Not a fan of self-promotion? These agents and editors will make it painless. Learn to plug your work online, enhance your social media presence, and build marketing/publicity strategies. Featuring Kimberly Burns of the Kimberly Burns Literary Publicity, Mary Buckley of Knopf Publishing, Katie Freeman of Riverhead, Miwa Messer of Barnes & Noble, and Sarita Varma of Farrar, Straus and Giroux. Moderated by Fauzia Burke, president of FSB Associates.

4:45-5:30 PM Longform
Not only are The Atavist and #longreads making a big splash, but 2012 has been an incredible year for longform and online magazines. See how your work can play a part in the recent renaissance. Featuring: Mike Hale of The New York Times; Lorin Stein, editor of the Paris Review; Sasha Weiss of The New Yorker; Evan Ratliff, co-founder of Atavist; Hua Hsu of Grantland; and Will Blythe of Byliner. Moderated by Nina Rastogi of Figment.

5:30-5:40 PM Cocktail Hour & Closing Remarks. Featuring drinks by Remy Martin.

Who You'll Meet

Lorin Stein, editor of the half-century-old Paris Review, has some advice for young writers. First, read lots and read contemporaries—“what’s the point of publishing in a magazine that you don’t already read?” Second, learn to write short-form journalism, not just creative writing. Third, pitch early and aim high—“start sending pitches to your favorite magazines. The main thing is to write for an editor who can help you improve—tightening sentences, taking yourself out of the picture when you don’t belong, that kind of thing.” Read more about special guests.

Writers on AAWW

"By the time I was in my early twenties, I wanted to write fiction but I was too afraid. The Asian American Writers' Workshop was a secret door that opened and cared about and supported my work as a writer. It was such an important moment in my life as a writer to be there."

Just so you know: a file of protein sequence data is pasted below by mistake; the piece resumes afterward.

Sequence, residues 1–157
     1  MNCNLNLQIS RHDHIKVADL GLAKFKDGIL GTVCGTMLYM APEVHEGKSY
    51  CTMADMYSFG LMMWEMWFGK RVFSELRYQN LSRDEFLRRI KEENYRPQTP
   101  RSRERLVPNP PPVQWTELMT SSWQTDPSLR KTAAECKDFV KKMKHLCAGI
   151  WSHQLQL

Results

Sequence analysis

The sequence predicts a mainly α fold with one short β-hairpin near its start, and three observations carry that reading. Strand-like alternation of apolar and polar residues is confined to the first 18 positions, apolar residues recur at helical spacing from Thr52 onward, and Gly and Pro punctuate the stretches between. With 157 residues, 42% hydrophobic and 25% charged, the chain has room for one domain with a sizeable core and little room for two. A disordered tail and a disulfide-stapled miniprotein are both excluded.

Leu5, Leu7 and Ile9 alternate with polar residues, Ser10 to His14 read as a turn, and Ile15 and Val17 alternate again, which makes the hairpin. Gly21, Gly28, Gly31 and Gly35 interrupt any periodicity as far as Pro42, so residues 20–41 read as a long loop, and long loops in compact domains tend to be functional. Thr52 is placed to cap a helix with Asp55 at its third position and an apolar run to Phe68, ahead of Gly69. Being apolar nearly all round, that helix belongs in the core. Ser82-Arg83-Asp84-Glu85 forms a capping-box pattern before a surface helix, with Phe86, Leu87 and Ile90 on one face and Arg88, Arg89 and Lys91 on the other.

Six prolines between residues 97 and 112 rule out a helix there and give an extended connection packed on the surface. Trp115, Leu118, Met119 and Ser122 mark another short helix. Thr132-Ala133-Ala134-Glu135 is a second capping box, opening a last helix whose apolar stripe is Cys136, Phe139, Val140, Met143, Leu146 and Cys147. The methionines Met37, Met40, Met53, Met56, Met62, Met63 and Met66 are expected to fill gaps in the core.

Jhumpa Lahiri, Winner of the Pulitzer Prize for Interpreter of Maladies

"Back when I was a young writer starting out, the AAWW's open mike readings were a place I tested new work, found community and made friends with other writers that have lasted to this day. I also found myself approached after one reading by a woman who would one day be my agent. Looking back, I wouldn't be the writer I am today without the Workshop."
Alexander Chee, author of Edinburgh

"I am deeply grateful to The Asian American Writers' Workshop for offering a most loving literary shelter... It's one thing to be offered a platform for one's work, but the people I have met and the events I have been a part of—and often just witness to, as an audience member—have been infinitely inspiring in a way I have not encountered, ever."
Porochista Khakpour, author of Sons and Other Flammable Objects

Who We Are

Established in 1991, the Asian American Writers’ Workshop is the preeminent literary arts nonprofit in NYC dedicated to incubating Asian American writers of tomorrow. We've spent more than two decades nurturing emerging writers of all ages to find their true voice and get published. We threw Pulitizer Prize winner Jhumpa Lahiri's first and only book party. We were the first place to publish writers like NYT Bestselling novelist Jean Kwok, NEA Fellow R. Zamora Linmark, V.V. Ganeshananthan (Barnes & Noble Discover Great New Writers). We also gave important fellowships to emerging writers like bestselling novelist Monique Truong, bestselling novelist Monica Ferrell, and award-winning poet Cathy Park Hong.

In 2012, we launched three online magazines to reinvent what it means to be both an American and a global citizen: The Margins (the flagship editorial platform of the Asian American Writers’ Workshop), Open City (an online magazine that takes the real-time pulse of metropolitan Asian America as it’s being lived on the streets right now), and CultureStrike (a countercultural movement around immigration).


Maryam Gunja, AAWW Program Director , (212) 494-0061